Their music manages to be both nostalgic and futuristic — and impossible to sit still to. 2021 single "Be Kind" is sweet, mellow and groovy, perfect chic lounge funk. Shiro Schwarz’s latest track, the joyfully nostalgic "Hey DJ," is a collab with funkstress Saucy Lady and U-Key.
L'Impératrice (the empress in French) are a six-piece Parisian group serving an infectiously joyful blend of French pop, nu-disco, funk and psychedelia. Flore Benguigui's vocals are light and dreamy, yet commanding of your attention, while lyrics have a feminist touch.
During their energetic live sets, L'Impératrice members Charles de Boisseguin and Hagni Gwon (keys), David Gaugué (bass), Achille Trocellier (guitar), and Tom Daveau (drums) deliver extended instrumental jam sessions to expand and connect their music. Gaugué emphasizes the thick funky bass, and Benguigui jumps around the stage while sounding like an angel. L’Impératrice’s latest album, 2021’s Tako Tsubo, is a sunny, playful French disco journey.
Franc Moody's bio fittingly describes their music as "a soul funk and cosmic disco sound." The London outfit was birthed by friends Ned Franc and Jon Moody in the early 2010s, when they were living together and throwing parties in North London's warehouse scene. In 2017, the group grew to six members, including singer and multi-instrumentalist Amber-Simone.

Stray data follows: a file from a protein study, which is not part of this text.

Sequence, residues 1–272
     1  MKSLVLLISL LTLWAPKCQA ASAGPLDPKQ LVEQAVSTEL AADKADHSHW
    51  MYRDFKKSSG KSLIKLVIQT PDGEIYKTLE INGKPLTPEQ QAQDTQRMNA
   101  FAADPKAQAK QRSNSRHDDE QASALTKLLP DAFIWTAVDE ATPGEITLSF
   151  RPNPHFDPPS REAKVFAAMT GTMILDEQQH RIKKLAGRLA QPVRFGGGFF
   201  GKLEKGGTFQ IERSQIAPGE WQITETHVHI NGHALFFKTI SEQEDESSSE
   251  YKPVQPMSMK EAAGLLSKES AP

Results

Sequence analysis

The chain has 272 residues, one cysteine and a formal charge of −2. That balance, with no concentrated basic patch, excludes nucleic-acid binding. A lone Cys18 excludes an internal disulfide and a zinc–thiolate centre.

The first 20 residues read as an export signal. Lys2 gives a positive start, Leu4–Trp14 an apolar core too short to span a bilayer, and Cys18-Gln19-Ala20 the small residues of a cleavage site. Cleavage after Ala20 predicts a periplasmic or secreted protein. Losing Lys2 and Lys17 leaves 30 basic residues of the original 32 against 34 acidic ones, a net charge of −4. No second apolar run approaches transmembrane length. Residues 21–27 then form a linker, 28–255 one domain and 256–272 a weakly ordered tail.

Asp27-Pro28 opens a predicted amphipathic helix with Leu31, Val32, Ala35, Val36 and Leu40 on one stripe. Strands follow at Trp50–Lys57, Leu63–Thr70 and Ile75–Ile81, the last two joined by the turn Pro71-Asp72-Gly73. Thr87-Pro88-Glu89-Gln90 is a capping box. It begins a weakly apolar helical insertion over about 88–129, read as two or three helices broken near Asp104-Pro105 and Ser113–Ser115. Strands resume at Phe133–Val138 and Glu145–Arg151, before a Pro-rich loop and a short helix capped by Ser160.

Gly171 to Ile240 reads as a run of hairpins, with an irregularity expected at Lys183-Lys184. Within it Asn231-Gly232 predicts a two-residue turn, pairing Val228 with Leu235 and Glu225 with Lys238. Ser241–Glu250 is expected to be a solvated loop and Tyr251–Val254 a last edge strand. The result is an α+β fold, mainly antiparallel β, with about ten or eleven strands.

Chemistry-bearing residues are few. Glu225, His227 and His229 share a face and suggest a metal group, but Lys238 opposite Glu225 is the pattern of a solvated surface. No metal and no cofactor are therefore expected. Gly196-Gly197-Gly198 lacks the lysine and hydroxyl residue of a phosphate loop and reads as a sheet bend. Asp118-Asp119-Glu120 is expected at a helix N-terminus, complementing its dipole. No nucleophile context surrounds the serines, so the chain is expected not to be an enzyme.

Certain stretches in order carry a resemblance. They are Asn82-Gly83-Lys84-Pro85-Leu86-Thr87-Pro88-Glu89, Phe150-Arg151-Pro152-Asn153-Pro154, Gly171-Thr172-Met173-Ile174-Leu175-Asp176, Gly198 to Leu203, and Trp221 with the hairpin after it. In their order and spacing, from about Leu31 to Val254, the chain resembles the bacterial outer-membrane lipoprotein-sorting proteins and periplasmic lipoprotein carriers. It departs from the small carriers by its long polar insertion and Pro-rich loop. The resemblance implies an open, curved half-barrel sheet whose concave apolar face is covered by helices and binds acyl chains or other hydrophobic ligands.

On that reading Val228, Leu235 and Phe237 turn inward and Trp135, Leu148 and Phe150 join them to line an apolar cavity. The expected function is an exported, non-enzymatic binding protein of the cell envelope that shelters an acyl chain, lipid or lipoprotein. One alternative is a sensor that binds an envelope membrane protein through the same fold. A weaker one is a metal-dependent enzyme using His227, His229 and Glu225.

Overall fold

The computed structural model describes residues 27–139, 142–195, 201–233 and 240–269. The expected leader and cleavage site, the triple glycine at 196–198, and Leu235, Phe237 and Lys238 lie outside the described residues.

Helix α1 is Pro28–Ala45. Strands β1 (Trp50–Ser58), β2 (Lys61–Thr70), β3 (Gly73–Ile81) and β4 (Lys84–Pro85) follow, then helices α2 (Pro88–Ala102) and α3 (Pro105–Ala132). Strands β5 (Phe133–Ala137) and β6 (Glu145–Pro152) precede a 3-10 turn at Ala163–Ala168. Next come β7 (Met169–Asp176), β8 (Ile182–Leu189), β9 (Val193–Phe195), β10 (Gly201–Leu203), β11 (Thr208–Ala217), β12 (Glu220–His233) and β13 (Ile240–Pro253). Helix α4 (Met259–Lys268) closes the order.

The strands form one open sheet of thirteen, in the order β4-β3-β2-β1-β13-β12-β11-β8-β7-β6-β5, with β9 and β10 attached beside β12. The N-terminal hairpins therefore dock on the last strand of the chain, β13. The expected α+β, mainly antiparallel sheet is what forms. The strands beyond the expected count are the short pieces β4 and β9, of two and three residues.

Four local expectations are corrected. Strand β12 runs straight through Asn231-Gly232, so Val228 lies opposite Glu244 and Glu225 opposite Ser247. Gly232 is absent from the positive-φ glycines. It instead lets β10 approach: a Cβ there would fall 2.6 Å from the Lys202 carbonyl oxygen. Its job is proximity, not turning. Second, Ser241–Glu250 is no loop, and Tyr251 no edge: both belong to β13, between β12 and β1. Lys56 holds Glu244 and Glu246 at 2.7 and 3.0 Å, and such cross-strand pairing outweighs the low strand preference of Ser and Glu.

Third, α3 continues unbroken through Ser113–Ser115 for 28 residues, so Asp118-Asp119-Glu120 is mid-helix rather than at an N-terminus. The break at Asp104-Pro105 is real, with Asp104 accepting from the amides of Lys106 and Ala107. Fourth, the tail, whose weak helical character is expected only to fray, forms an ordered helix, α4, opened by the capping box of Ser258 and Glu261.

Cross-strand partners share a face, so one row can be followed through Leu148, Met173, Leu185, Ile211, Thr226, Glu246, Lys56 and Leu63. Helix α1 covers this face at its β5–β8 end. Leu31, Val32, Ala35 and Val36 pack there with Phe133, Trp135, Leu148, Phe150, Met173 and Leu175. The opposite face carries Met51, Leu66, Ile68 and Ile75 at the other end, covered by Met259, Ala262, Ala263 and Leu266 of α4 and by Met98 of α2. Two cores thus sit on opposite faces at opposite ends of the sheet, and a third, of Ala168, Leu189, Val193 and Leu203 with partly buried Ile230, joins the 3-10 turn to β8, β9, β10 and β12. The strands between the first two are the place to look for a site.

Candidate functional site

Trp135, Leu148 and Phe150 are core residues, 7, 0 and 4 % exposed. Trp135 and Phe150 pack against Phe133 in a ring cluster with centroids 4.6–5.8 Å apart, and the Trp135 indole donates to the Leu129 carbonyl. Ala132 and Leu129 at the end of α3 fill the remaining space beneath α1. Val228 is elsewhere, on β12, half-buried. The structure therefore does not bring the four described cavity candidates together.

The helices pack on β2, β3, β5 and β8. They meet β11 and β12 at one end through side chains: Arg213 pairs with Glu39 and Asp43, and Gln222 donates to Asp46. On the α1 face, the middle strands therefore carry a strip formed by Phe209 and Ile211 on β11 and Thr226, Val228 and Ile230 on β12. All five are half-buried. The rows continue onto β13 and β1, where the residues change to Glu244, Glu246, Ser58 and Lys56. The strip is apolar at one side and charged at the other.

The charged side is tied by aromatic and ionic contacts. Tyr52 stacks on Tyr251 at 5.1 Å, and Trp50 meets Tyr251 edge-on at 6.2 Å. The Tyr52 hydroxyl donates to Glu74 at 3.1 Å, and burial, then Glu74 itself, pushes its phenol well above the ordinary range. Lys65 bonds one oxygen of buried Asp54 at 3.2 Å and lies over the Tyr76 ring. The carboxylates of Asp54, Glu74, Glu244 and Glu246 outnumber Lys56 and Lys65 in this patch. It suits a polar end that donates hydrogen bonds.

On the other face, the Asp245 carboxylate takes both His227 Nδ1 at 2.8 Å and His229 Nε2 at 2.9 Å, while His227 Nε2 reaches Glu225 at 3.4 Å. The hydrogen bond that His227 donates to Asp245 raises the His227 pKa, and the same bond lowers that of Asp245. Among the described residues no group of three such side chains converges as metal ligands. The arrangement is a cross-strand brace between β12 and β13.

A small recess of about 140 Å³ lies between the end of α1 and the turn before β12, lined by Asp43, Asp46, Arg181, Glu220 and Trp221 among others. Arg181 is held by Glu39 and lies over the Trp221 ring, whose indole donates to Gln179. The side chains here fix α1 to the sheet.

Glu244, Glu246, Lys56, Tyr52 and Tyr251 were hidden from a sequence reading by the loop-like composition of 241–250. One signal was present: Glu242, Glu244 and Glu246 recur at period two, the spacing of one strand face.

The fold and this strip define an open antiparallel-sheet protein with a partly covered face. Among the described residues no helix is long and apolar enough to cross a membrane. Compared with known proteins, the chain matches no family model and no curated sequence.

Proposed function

Their music feels at home with other electro-pop bands like fellow Londoners Jungle and Aussie act Parcels. While much of it is upbeat and euphoric, Franc Moody also dips into the more chilled, dreamy realm, such as the vibey, sultry title track from their recently released Into the Ether.
Photo: Steven Sebring
Living Legends: Billy Idol On Survival, Revival & Breaking Out Of The Cage
"One foot in the past and one foot into the future," Billy Idol says, describing his decade-spanning career in rock. "We’ve got the best of all possible worlds because that has been the modus operandi of Billy Idol."
Living Legends is a series that spotlights icons in music still going strong today. This week, GRAMMY.com spoke with Billy Idol about his latest EP, Cage, and continuing to rock through decades of changing tastes.
Billy Idol is a true rock 'n' roll survivor who has persevered through cultural shifts and personal struggles. While some may think of Idol solely for "Rebel Yell" and "White Wedding," the singer's musical influences span genres and many of his tunes are less turbo-charged than his '80s hits would belie.